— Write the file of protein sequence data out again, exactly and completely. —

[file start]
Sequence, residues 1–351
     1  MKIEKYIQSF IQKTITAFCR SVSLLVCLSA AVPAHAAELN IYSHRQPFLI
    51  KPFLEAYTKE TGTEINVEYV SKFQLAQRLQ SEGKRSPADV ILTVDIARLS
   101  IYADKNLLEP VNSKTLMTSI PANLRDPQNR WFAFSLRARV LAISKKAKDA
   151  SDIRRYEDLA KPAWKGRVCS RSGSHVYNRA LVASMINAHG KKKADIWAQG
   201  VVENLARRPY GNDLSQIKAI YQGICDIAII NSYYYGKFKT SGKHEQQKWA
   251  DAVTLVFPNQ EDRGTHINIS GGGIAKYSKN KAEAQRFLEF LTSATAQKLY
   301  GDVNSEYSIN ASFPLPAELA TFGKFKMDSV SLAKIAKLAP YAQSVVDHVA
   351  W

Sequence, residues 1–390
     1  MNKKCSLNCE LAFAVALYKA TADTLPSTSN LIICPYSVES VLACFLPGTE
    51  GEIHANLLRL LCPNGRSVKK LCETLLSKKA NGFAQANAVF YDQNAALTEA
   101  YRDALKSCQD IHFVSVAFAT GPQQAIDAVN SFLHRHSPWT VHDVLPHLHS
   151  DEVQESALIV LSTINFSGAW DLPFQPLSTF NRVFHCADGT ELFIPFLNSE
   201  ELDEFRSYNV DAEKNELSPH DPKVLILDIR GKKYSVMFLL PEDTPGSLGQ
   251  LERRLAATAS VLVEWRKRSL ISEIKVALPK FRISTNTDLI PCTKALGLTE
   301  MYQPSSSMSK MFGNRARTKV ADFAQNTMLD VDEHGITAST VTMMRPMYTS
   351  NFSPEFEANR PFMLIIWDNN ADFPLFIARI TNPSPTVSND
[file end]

Sequence, residues 1–351
     1  MKIEKYIQSF IQKTITAFCR SVSLLVCLSA AVPAHAAELN IYSHRQPFLI
    51  KPFLEAYTKE TGTEINVEYV SKFQLAQRLQ SEGKRSPADV ILTVDIARLS
   101  IYADKNLLEP VNSKTLMTSI PANLRDPQNR WFAFSLRARV LAISKKAKDA
   151  SDIRRYEDLA KPAWKGRVCS RSGSHVYNRA LVASMINAHG KKKADIWAQG
   201  VVENLARRPY GNDLSQIKAI YQGICDIAII NSYYYGKFKT SGKHEQQKWA
   251  DAVTLVFPNQ EDRGTHINIS GGGIAKYSKN KAEAQRFLEF LTSATAQKLY
   301  GDVNSEYSIN ASFPLPAELA TFGKFKMDSV SLAKIAKLAP YAQSVVDHVA
   351  W

Sequence, residues 1–390
     1  MNKKCSLNCE LAFAVALYKA TADTLPSTSN LIICPYSVES VLACFLPGTE
    51  GEIHANLLRL LCPNGRSVKK LCETLLSKKA NGFAQANAVF YDQNAALTEA
   101  YRDALKSCQD IHFVSVAFAT GPQQAIDAVN SFLHRHSPWT VHDVLPHLHS
   151  DEVQESALIV LSTINFSGAW DLPFQPLSTF NRVFHCADGT ELFIPFLNSE
   201  ELDEFRSYNV DAEKNELSPH DPKVLILDIR GKKYSVMFLL PEDTPGSLGQ
   251  LERRLAATAS VLVEWRKRSL ISEIKVALPK FRISTNTDLI PCTKALGLTE
   301  MYQPSSSMSK MFGNRARTKV ADFAQNTMLD VDEHGITAST VTMMRPMYTS
   351  NFSPEFEANR PFMLIIWDNN ADFPLFIARI TNPSPTVSND